Estonia has enough flu medication, vaccines — agency

Patient receiving a flu vaccine.
Patient receiving a flu vaccine. Source: Siim Lõvi/ERR

Estonia has enough influenza medicines and vaccines for this winter, the Agency of Medicines said on Wednesday. Approximately 100,000 doses of flu vaccines have been allocated for the elderly and children.

Family doctor Piret Rospu told "Aktuaalne kaamera" Estonia's flu season started early this year and is already in "full force". Cases have grown rapidly, but the peak has not yet been reached.

She said drugs should currently be reserved for risk groups, such as young children, pregnant women or the elderly, as there are not enough.

Additionally, as reported earlier this week, children's medicine is already running low in pharmacies across the country, due to a higher-than-usual spike in respiratory viruses.

But Liis Prii, head of the supervision department of the Agency of Medicines, said there are no problems with influenza medication supplies.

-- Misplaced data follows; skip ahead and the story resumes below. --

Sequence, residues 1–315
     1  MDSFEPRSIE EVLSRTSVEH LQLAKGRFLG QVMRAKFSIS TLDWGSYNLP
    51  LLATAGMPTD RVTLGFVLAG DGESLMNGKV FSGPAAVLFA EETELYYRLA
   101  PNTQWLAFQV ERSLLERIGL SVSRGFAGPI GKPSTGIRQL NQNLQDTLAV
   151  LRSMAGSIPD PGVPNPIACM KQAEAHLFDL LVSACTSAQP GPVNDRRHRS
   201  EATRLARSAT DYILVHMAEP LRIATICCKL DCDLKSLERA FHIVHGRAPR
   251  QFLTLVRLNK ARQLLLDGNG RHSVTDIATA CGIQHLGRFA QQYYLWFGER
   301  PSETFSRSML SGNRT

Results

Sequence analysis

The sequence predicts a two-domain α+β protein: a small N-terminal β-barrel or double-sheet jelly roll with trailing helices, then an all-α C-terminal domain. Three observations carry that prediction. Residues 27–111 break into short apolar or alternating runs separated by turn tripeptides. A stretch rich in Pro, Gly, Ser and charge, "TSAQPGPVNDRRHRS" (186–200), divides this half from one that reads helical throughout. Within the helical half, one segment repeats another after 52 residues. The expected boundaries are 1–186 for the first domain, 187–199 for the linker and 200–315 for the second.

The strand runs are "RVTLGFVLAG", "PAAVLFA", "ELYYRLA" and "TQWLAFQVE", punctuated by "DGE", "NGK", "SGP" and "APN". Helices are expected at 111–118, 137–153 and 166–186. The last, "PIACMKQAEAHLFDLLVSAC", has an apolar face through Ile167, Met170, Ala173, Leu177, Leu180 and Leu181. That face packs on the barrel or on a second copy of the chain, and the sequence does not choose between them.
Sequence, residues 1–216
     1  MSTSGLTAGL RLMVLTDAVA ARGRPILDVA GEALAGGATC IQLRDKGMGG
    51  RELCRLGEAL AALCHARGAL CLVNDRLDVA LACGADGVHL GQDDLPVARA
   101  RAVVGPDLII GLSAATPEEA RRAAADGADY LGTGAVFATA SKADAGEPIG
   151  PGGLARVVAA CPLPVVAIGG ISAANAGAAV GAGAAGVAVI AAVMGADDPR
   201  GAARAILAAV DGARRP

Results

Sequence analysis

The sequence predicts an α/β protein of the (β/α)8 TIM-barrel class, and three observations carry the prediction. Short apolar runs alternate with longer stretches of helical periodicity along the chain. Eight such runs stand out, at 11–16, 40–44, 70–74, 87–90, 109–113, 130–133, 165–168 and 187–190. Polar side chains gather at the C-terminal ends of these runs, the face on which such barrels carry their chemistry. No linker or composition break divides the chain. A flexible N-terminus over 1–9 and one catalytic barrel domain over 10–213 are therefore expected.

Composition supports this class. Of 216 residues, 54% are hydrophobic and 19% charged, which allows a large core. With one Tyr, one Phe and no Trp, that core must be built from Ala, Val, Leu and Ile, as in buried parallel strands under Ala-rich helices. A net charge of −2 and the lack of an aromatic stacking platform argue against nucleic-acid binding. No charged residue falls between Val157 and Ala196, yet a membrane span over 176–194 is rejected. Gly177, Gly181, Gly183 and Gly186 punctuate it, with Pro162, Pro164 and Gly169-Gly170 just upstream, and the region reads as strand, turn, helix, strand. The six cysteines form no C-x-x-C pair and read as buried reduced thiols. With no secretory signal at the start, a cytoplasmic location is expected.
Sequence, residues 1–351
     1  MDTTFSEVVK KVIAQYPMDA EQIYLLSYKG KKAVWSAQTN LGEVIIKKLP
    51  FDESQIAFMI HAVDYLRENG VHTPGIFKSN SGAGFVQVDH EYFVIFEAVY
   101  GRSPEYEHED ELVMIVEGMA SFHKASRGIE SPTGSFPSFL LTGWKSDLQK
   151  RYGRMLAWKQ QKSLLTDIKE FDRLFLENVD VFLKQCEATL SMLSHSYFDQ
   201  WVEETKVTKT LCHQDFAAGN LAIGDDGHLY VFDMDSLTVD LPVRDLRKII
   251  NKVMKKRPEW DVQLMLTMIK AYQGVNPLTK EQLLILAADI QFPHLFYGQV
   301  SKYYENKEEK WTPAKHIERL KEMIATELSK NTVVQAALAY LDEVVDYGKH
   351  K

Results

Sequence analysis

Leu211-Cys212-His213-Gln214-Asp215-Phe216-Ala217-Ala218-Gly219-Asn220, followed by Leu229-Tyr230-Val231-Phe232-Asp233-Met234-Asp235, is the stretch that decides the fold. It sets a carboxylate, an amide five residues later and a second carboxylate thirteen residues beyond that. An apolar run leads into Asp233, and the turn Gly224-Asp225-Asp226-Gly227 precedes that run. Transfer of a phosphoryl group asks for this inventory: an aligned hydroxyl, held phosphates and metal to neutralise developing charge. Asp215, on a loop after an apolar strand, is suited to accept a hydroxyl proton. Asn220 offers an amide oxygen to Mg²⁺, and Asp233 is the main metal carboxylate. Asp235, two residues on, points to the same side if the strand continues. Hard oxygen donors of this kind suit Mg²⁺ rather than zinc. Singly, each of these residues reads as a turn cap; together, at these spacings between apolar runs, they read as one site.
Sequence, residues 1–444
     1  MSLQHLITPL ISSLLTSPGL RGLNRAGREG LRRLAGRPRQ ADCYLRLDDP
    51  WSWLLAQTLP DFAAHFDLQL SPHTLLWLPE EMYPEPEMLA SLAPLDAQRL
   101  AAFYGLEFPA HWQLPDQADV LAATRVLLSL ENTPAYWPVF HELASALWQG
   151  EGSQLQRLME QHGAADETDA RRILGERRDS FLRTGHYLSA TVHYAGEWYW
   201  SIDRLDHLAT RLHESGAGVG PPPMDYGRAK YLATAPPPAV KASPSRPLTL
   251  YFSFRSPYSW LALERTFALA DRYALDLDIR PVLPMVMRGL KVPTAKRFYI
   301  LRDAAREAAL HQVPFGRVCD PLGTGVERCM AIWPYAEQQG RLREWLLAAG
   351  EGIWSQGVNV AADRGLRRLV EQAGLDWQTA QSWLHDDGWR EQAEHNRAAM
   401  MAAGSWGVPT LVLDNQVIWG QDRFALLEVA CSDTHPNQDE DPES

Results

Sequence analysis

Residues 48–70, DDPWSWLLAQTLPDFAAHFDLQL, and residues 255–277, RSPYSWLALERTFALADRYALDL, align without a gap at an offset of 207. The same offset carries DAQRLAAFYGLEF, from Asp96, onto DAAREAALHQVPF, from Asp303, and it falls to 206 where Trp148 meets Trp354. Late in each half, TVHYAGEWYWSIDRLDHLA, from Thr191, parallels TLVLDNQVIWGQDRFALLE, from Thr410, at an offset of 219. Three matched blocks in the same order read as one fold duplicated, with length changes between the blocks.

"Manufacturers have planned to ship 27,000 packs of flu medicines to Estonia this season, 15,000 of which are already in Estonia. Flu medicines are available in pharmacies and wholesalers," said Prii.

Medicine and a thermometer (photo is illustrative). Source: Karin Koppel

She said three different flu medicines are currently on sale and there are also 1,000 packages of Tamiflu in warehouses waiting to be delivered.

Asked about the recommendation to reserve medication for risk groups, Prii said it is mainly intended for risk groups and those with chronic diseases as they will be the most severely affected.

However, she said the agency has not made any recommendations about who should or should not receive medicine. Doctors decide on their patients' courses of treatment.

But the agency encouraged people to get vaccinated and this year's vaccine has a 60 percent effectiveness. In previous years it has been below 20 percent.

"There is already data from America that this year's flu vaccine has a high protection rate. Now is exactly the right time to vaccinate," Dr Rospu added.

Several elderly people have already died from influenza in Estonia this year. Last week, new cases rose by 245 percent.


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Editor: Aleksander Krjukov, Helen Wright

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